They call the new X5 smooth. It is. Coming from the AK120II and now the Opus#2, I’m familiar with the notion. Yet unlike those DAPs, the X5 achieves its smoothness not through refinement and polish, but rather by coloring the sound with an abundance of warmth, rolled-off treble, and sluggish dynamics. It’s smooth, alright. It’s also boring.
Now, now. Put away those pitchforks. It’s not as bad as all that. This device sounds pretty good when paired with the right headphone. Pick a transducer with the opposite characteristics described above and you’ll get a middle-ground that works quite well. The X5 is not incapable of rich, high-resolution audio. You simply need to help it along.
I must give FiiO credit for its ability to recreate clean, artifact-free music. The 3rd Gen is measurably better than the old X5 Classic. I hear none of that “digital” sound its forefather suffered from. This player renders natural, easy-going, laid-back audio. Its soundstage is neither big nor tiny, just a bit smaller than average. More like you’re listening to the music in a living room, rather than a local venue.
There is thickness and weight to the notes, which I like. But when combined with the smaller stage, this makes instrument separation a crowded affair. Though imaging is excellent, you don’t get a good sense of air or space between the musicians.
When taken on its own, the X5 is entirely adequate. It’s when you toss this player into a ring with its more notable peers that you witness the dichotomy.
The Opus#1 by Audio-Opus (theBit) is THE DAP I recommend in the mid-fi category. It’s not a full-android device. There is no streaming, WiFi, Bluetooth or Apps. It’s just a music player, and it whips the X5-3 up and down the street. Okay, that might be hyperbolic, but to these queer ears, Opus sings a significantly grander tune. Not only that, but the OS is simpler and more intuitive, with far fewer bugs and peccadilloes. The music is clearer and more transparent. Details are more evident. The bass strikes harder, with control and texture. Treble has greater presence. The Opus’ soundstage shames the X5 in width and depth. And then there’s dynamics… the X5-3 sounds like it’s right in the middle of a long winter nap next the excitement found in the Opus. On the other hand, the X5 has the volume wheel, and you know I love me a volume wheel. That, and the full Android system makes the X5 a more versatile device. But I don’t really care about that. If you own a smartphone, you don’t need all that other stuff in your DAP. That’s why I bought the Opus#1 as my personal choice for best mid-tier player.
If you still think you need apps such as TIDAL, there is also the Cayin i5. Like the X5, the Cayin is quite warm-sounding. But unlike the X5, the i5 has a strong, dynamic sound that is wonderfully enthralling and terribly musical. After burn-in and v2.2 of the firmware, the sound opens up even more, achieving brighter highs and greater air. Sadly, the i5 is not as easy a recommendation as the Opus#1 since it lacks some of the things that makes the X5 so appealing: there is only one microSD slot and no balanced output. There are lots of reported troubles with streaming services. Yet the Cayin i5 is sexier and possesses superior audio, so you must decide where your priorities lie.
A sentiment has been passed around on the forums that the FiiO X5-3 competes at the Top of the Line level. You see these kinds of delusions sprout from the soil of many new devices, until a few months have gone by and the hype engine grows rusty. People suddenly come to their goddamn senses.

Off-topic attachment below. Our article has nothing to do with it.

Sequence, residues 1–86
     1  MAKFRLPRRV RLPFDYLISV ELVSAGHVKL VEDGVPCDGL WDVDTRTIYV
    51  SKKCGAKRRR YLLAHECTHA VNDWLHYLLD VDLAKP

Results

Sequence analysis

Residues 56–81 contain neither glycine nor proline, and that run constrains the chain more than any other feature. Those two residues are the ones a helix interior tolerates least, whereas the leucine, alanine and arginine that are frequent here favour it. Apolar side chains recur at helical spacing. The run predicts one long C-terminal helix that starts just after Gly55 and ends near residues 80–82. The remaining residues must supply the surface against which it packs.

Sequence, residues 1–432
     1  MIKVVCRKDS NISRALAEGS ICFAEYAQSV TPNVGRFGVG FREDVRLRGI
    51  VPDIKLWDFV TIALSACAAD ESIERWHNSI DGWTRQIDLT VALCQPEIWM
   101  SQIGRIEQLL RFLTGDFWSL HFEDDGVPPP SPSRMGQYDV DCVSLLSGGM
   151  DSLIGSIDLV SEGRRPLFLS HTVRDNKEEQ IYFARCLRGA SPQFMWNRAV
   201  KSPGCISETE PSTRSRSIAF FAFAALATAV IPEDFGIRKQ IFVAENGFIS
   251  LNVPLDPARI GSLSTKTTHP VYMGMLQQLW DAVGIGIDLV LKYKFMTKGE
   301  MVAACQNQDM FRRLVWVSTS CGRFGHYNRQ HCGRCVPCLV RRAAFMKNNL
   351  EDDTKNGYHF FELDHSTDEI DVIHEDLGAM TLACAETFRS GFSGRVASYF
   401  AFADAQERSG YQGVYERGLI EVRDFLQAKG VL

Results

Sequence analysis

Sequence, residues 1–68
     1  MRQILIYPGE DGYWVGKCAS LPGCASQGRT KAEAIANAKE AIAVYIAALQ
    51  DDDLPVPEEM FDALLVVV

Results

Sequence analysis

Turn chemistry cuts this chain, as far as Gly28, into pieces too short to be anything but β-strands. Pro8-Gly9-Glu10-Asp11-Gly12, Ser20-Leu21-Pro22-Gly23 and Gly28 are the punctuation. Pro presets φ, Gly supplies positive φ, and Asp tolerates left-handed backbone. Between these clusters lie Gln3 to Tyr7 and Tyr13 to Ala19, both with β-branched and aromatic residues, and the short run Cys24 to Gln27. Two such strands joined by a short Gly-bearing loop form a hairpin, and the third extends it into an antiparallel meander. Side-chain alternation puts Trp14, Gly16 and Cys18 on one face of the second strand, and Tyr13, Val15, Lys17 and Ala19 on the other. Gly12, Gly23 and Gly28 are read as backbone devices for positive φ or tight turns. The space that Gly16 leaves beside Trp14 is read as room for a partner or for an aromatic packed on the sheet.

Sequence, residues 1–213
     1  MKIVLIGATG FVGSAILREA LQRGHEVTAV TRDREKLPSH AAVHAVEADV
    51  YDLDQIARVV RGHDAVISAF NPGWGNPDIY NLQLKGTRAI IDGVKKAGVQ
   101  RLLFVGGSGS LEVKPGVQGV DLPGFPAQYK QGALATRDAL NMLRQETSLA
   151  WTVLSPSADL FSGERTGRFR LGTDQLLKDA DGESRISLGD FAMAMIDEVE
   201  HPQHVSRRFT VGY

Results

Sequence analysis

I have on-hand the AK120II and the Opus#2. I shall not even go into how they compare to the X5, because quite honestly, the X5 doesn’t compete well at all. The Opus#2 is a small step up over the AK120II, and the AK is a small step up over the Opus#1, and the Opus#1 decimates the X5-3 and… well, you can see what I’m saying. After performing a thorough A/B test with my top players, I simply don’t feel it’s useful to draw this out.
As I said before, unlocking the potential of FiiO’s new player is all about synergy. Find the right pairing, and you can know happiness with this DAP.
The Audio Technica IM03 is a longtime favorite of mine. It fights through the doldrums of the X5 and, on a budget, creates a great deal of liveliness. David Bowie’s Space Oddity is crisp in the treble, clear and detailed in the vocals, and boomy at the bottom. It’s just about the warmest I’ve ever heard these IEMs, but they don’t sound bad at all. Quite the contrary. This paring is scrumptious and I don’t want to turn the music off.
I plugged in my 64Audio U12 expecting this to be the worst pairing of all. The U12, while my go-to IEM, is aggressively smooth and warm. I feared adding a boring, laid-back source to the chain. In point of fact, this combination rather pleased me. The vocals come through strong and clear. There is decent air in the mix, and more attack than I hoped. The major failing of this coupling is it doesn’t take advantage of the U12’s monstrous soundstage. FiiO holds it back in a big way. Yet not so much that I can’t get lost in the musicality of the U12.
Next to the U12, Rhapsodio Solar is fast, bright, and immensely detailed. But it’s not enough for the X5-3. FiiO’s newest player reminds me that Solar is actually a warm and thick CIEM with only moderately extended treble and average soundstage. The X5 accentuates these aspects in the worst possible way. It doesn’t offer Solar enough energy, and the combination is sadly underwhelming. Solar sounds so much better on other devices. It’s quite enthralling on the Cayin i5.
One of the finest examples of the all-arounder in the TOTL range is the new Kaiser Encore by Noble Audio. It doesn’t go too far in any aspect and thus will please most people. It’s also my favorite IEM for the X5. Encore is so highly dynamic, with bright, sparkly treble, extremely clear mids, and tight, punchy bass, you forget you’re listening to a lackluster DAP… because Encore never lacks luster. It brings a big bowl of it to the table.